I love the nativity set my parents have because it’s simple and classic. Nativity sets can easily become cheesy and kitschy, and I've had a hard time finding one I love as much as theirs, so I decided to come up with a streamlined, modern, clean one of my own (with the creative help of one of our amazing designers) that happens to be relatively easy to cut with a jigsaw.
When I saw the nativity set design for the first time, I thought it was so sweet and charming—and I loved the color palette: it’s in line with the Dunn DIY brand, but it’s also my personal color palette. Plus, it’s festive!
I definitely don’t feel like this nativity set is cheesy (the camel is just so cute!) and it will be a staple of my Christmas decor for years to come. Let’s get to it!
Step 1: Print and Cut Shapes
This set includes:
- Jesus in the manger
- The Three Wise Men
Download the template below to print the full set of shapes. Then cut out the individual shapes using a pair of sharp scissors. Printing on a thicker paper (like cardstock) makes the next step easier, but you can get away with printer paper.
Step 2: Tape Wood and Trace
Put tape over the wood, then trace the outline onto the tape. You can fit all of the figures onto an 8' piece of 2x6 and have plenty of room for trial and error, but you can also use some scrap 2x4 for the smaller pieces.
We put tape over the wood to help with the cutting. The jigsaw tends to leave a rough edge on top of the wood, and the tape holds the wood fibers together for a much cleaner finish. We used a pencil to trace the lines, but a pen works just as well and would be easier to follow. When tracing the design onto the wood, face the most complex side of the design closest to the edge—this will making the cutting process easier.
Step 3: Cut Shapes
Clamp the wood down to a sawhorse or work bench and cut with a jigsaw.
If you find the curves of each shape are too challenging to cut, use a ruler and a pencil to turn the curves into straight edges. Then, cut the straight lines—you can smooth out the sharp angles into curves with an electric sander later.
One of the tricks when cutting with a jigsaw is to create enough space for the blade so it doesn’t get stuck. It’s kind of like cutting a curved shape in thick cardboard with scissors—it often helps to make shorter, smaller cuts than try to make the cut in a single, sweeping motion, but it’s also an art. It just takes some practice.
Another trick is to think about how the jigsaw comes into the design, and to approach the cut from different angles. Because they're small, it's easiest to keep the figures attached to the remainder of the board until the final cut (rather than clamping them down and continuing the cutting process). This takes some deliberating with how you lay out the patterns and which cuts you make first.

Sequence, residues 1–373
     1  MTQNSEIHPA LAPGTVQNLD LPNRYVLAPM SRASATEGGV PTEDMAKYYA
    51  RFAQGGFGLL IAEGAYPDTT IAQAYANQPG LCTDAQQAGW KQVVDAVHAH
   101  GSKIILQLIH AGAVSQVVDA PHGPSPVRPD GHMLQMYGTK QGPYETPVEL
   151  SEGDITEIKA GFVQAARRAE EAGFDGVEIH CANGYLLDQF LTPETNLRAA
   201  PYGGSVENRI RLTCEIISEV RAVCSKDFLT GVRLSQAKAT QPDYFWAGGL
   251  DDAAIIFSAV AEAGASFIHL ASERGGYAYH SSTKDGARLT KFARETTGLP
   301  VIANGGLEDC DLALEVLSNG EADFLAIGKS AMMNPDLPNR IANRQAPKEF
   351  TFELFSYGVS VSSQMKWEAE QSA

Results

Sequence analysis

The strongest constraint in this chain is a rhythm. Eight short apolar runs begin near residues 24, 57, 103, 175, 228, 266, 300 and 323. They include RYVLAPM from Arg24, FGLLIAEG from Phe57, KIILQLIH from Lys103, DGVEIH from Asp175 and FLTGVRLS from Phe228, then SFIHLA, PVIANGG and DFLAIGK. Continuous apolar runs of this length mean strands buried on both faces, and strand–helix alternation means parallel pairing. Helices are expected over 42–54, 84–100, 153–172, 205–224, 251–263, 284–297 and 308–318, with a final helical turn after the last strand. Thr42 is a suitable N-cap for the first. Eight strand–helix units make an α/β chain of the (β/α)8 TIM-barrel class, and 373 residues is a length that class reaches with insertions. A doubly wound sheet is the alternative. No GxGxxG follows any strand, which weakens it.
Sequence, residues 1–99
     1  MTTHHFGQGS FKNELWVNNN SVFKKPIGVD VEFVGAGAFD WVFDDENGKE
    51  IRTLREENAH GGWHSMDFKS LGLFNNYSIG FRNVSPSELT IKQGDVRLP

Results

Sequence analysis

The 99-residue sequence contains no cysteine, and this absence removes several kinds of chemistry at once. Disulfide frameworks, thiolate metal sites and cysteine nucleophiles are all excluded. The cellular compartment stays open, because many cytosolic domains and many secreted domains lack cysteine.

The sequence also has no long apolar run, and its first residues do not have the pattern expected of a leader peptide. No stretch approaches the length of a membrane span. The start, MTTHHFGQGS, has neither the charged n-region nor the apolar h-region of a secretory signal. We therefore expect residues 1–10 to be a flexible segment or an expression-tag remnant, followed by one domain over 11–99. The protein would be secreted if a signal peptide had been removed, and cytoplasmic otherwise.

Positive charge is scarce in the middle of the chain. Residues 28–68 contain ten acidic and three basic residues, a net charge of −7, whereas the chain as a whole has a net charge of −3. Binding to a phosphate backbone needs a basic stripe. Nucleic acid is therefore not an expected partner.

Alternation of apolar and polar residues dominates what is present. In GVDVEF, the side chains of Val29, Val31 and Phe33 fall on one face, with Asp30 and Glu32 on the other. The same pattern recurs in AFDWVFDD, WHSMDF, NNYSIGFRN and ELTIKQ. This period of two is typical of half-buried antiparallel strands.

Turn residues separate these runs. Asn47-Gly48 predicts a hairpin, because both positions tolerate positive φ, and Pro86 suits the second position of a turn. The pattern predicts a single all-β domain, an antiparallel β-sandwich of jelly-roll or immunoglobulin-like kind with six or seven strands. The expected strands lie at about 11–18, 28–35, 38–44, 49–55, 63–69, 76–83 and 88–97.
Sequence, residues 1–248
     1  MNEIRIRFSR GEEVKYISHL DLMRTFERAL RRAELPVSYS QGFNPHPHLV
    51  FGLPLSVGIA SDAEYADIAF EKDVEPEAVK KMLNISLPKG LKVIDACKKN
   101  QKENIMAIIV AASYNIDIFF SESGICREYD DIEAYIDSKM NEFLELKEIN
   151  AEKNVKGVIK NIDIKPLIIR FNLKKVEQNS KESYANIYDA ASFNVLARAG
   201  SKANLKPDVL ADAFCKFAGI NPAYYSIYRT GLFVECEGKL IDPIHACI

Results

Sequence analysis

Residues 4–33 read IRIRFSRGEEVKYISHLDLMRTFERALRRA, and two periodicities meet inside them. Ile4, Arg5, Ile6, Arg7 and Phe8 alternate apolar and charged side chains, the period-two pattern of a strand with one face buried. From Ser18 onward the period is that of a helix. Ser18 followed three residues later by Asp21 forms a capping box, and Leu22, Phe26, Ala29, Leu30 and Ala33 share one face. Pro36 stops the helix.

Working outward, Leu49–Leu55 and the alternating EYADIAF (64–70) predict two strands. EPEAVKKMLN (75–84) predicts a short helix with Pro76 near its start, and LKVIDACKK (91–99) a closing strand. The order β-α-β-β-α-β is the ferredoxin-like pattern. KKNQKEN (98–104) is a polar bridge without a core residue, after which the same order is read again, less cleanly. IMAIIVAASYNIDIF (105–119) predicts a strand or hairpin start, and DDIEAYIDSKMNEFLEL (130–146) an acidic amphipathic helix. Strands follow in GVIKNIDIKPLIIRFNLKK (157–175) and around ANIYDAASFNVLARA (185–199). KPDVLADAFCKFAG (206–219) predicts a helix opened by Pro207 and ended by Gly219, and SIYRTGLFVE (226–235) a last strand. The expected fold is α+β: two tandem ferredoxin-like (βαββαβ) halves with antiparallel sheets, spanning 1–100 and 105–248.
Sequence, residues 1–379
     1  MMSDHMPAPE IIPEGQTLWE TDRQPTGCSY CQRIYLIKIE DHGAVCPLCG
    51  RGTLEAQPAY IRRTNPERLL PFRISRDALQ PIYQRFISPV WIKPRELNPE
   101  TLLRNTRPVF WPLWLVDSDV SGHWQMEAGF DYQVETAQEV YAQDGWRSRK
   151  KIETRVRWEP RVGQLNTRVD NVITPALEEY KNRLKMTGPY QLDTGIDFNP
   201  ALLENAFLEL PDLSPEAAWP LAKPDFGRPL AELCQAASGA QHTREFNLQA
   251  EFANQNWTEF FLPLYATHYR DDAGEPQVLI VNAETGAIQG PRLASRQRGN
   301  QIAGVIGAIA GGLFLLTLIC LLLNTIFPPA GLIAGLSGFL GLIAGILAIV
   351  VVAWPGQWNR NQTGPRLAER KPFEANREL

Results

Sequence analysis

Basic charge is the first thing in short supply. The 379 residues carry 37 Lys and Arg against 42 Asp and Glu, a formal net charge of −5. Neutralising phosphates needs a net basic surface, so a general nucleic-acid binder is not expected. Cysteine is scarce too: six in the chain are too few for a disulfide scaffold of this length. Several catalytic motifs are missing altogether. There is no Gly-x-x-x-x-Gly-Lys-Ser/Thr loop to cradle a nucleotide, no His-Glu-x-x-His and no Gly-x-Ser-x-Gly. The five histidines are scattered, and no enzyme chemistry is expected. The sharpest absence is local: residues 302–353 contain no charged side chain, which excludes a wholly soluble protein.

Once you’re finished cutting, remove the tape.
Step 4: Sand
Sand out any imperfections and sharp edges until the pieces attain your desired look. Use a piece of sandpaper for any tight corners, and a small handsaw for any bits the jigsaw didn’t catch.
The grit of sandpaper you use depends on how the cutting went: for the blocky pieces with really tight curves that were easier to cut with straight edges, start with a 60- or 90-grit sandpaper.
For smoother pieces, start with a 100-grit sandpaper, then move to 150-grit.
Step 5: Trace Outlines
Now it’s time to bring the blocks to life. Cut out the painted parts of the printed template and arrange them on the corresponding wood pieces, then trace with a pencil. You can also trace the shapes onto stencil paper, then cut out the shapes with an utility knife. It just depends on your preferences.
If you’re not super comfortable with a paintbrush, you can use acrylic paint pens—the color choice is more limited, but it’s a super easy way to paint.
Step 6: Paint
If necessary, mix paints to get the desired colors. Use white to create the slightly lighter shades of red and blue which represent the swaddling clothes and saddles. Using a paintbrush (or acrylic paint pens), fill in the traced outlines. We used two different paint brushes: one that’s more fine-tipped for the little details, and a wide, flat one that worked well for doing the straight lines. Now let everything dry.
Acrylic paint is great because it dries really quickly, so you can allow one part to dry before you layer the details. (That way you don’t risk smudging paint all over your pieces.)
The blocks are thick, which makes them a little awkward to paint. To get your wrist up to the same height as the block, rest it on a scrap piece of lumber.
You can get away with painting one coat, but it may look a little blotchy—especially with certain colors like red. Two coats is better and won’t take that much extra time.
Step 7: Cut Dowel
Cut a 1/8" dowel for the shepherd's staff and glue into place. I cut the dowel with a hacksaw but you could probably get away with a pair of scissors or a utility knife. Lean it against your shepherd block, then adhere with a dab of glue. For a more durable (kid proof) option, glue the dowel parallel to the shepherd's body so that there's more surface area to glue.
I wasn’t convinced that I was going to be able to pull off cutting out all of these shapes with a jigsaw successfully, but after some trial and error, I’m really happy with how they all turned out! This nativity set is currently sitting on the coffee table in my living room, and will be a holiday staple for years to come—we’ll definitely be keeping this around for our kids.